Last week, Louisville led in the fourth quarter and Clemson trailed in the fourth quarter. The teams came out on opposite ends of the spectrum. Clemson will try to keep its slim ACC title hopes alive on Saturday when the teams meet at Cardinal Stadium.
Overall, only one game separates the teams. Louisville comes in with a 4-4 record (2-3 in ACC play) while Clemson is 5-3 (4-2 in conference games). The Tigers need to win out to have any chance of winning the ACC and need multiple losses from both NC State and Wake Forest. The Cardinals simply hope to become bowl eligible.
Prior to the Cardinals joining the ACC, Clemson and Louisville never met on the gridiron. Clemson has won all six meetings as conference foes, including the last three by an average margin of nearly 41 points per game. The schools did not meet last season because of the schedule changes driven by the COVID-19 pandemic.
Clemson at Louisville
Kickoff: Saturday, Nov. 6 at 7:30 p.m. ET
TV: ACC Network
Spread: Clemson -4
When Clemson Has the Ball
It took two touchdowns (one of them being a fluky defensive score on the final play) in the final three minutes, but Clemson finally scored more than 21 points against an FBS team in the Tigers' 30-20 home win over Florida State last Saturday. Clemson's offense remains a work in progress as quarterback D.J. Uiagalelei has not played in line with the preseason hype he received, and that's an understatement.
Fortunately, Will Shipley stepped up with 128 rushing yards and two scores against the Seminoles, while his backfield mate Kobe Pace missed the game after testing positive for COVID-19. But for the season, the Tigers are just 11th in the ACC in rushing at 150.5 yards per game. They have 14 touchdowns on the ground in eight games compared to 33 in 12 contests last season.
Even with talented wide receivers like Justyn Ross and Joseph Ngata, the passing game hasn't clicked and the offensive line has been inconsistent. Uiagalelei has just five touchdown passes and six interceptions entering November, and this is a big reason why Clemson ranks last in the ACC in both total (328.3 ypg) and scoring (21.3 ppg) offense.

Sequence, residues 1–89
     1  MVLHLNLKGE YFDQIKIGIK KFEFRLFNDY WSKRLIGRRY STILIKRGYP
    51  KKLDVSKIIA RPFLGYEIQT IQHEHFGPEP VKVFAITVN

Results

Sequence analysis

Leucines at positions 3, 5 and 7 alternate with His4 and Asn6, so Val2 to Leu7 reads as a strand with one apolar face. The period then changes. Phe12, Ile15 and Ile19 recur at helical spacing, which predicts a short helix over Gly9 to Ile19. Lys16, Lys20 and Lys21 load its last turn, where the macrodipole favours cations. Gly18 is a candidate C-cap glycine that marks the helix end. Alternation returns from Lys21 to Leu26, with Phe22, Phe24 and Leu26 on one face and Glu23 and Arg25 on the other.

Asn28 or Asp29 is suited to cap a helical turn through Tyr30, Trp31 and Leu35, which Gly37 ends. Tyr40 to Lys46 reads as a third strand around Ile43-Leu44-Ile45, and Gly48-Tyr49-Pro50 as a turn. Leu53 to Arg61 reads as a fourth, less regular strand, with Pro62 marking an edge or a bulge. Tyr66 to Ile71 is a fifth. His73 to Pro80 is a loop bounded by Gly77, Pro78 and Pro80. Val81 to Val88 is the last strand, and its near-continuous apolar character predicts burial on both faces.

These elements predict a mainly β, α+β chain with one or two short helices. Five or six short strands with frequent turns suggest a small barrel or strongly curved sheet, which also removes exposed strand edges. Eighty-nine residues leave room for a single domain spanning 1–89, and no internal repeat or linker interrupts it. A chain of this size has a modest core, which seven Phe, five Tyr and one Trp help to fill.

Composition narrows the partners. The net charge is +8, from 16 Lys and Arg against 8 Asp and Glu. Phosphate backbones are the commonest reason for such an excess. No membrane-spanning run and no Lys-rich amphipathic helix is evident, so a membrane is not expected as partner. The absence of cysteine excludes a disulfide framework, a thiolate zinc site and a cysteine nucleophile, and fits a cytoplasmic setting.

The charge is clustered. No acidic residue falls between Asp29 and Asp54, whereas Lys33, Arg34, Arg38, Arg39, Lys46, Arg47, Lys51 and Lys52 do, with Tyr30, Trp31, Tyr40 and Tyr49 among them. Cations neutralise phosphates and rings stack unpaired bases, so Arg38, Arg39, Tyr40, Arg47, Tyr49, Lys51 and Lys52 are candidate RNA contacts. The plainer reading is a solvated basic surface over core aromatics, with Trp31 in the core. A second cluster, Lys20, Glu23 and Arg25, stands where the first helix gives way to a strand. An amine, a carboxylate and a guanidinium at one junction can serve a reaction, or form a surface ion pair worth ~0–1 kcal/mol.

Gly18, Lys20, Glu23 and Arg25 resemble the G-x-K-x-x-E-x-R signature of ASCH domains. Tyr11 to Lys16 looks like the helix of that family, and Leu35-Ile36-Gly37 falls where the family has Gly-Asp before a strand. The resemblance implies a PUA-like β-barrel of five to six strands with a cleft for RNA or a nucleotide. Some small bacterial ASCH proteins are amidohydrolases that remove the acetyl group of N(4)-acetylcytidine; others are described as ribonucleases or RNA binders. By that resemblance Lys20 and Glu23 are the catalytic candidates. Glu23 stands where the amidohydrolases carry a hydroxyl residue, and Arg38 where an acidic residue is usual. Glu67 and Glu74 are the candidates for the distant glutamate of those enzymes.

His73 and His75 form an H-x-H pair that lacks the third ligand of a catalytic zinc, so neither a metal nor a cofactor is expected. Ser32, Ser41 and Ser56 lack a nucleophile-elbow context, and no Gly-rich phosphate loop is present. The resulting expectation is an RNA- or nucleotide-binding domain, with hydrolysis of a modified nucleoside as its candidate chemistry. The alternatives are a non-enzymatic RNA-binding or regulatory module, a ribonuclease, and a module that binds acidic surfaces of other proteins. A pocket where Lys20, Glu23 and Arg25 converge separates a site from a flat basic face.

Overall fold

For three quarters last week, Louisville appeared to be in the midst of playing its best defensive game of the season. Then it gave up three straight touchdown drives in a 28-13 loss to NC State. Louisville remains in the bottom half of the ACC in both total (415.4 ypg, 10th) and scoring (27.1 ppg, ninth) defense but appears to be improving as the season goes on. After losing linebacker Monty Montgomery earlier in the season, however, the Cardinals recently lost Kei’Trel Clark, who may be their best cover man.
With Clark out, safety Kenderick Duncan is the player to watch in the secondary. The strength for Louisville's defense is at linebacker. C.J. Avery and Jack Fagot are both very experienced players and the top two tacklers. Yasir Abdullah ranks fourth in the ACC with six sacks. Freshman Ashton Gillotte leads all Cardinal defensive linemen with three sacks, but the best player up front may be YaYa Diaby (1.5 sacks).
When Louisville Has the Ball
The "strength vs. strength" matchup for Saturday's contest will be the Louisville offense against the Clemson defense. Although the Cardinals managed a season-low 13 points against NC State last week, quarterback Malik Cunningham is an electrifying player who is the team's leading passer and rusher. Throughout his career, Cunningham has been plagued by turnovers but has just five interceptions this season to go with 22 total touchdowns. His 13 rushing touchdowns lead the ACC.
Jalen Mitchell and Hassan Hall help Cunningham on the ground. Mitchell picks up the tough yards while Hall is the big-play back. Among pass catchers, the Cardinals have five players with at least 260 receiving yards this season. Jordan Watkins is the leading receiver, but tight end Marshon Ford is who Cunningham will target on third down. Ford leads the team with 33 catches. The offensive line has allowed the fewest sacks among conference teams (11), with Cunningham's mobility making the unit's job a little easier.
Clemson's offense may be the worst in the ACC (and in the entire FBS), but the defense remains the gold standard. The Tigers are third nationally in scoring defense (15.3 ppg), and only Syracuse is giving up fewer yards per game in the conference (324.1). James Skalski and Baylon Spector lead a very experienced linebacking corps. Up front, Myles Murphy and Xavier Thomas headline a pass rush that has been depleted a little bit by injuries. The two have combined for 9.5 of the Tigers' 23 sacks. Clemson ranks third in the ACC (and tied for 23rd nationally) in that category.
This season, the Tigers have surrendered a total of nine offensive touchdowns and only two of those have come on the ground. In the secondary, Andrew Booth Jr. is the best cover corner while Nolan Turner, R.J. Mickens, and Andrew Mukuba man the safety spots. Mickens leads the team with two interceptions this season. On the final play of the game last week against Florida State, Barrett Carter scored the first defensive touchdown of the season for Clemson. The Tigers also aren't generating as many takeaways this season (12) compared to last (23).
Clemson has done a pretty good job keeping dual-threat quarterbacks like Jeff Sims and Jordan Travis in check. Cunningham and Louisville however, may stand the best chance at stretching the field against the Tigers. It's far from a strength, but the Clemson offense has seen minimal improvement in recent weeks. And with the Cardinals' top corner (Clark) banged up, that ultimately could be a big difference come Saturday.
Prediction: Clemson 20, Louisville 17
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— Written by Mike Ferguson, who is part of the Athlon Contributor Network. Follow Mike on Twitter @MikeWFerguson.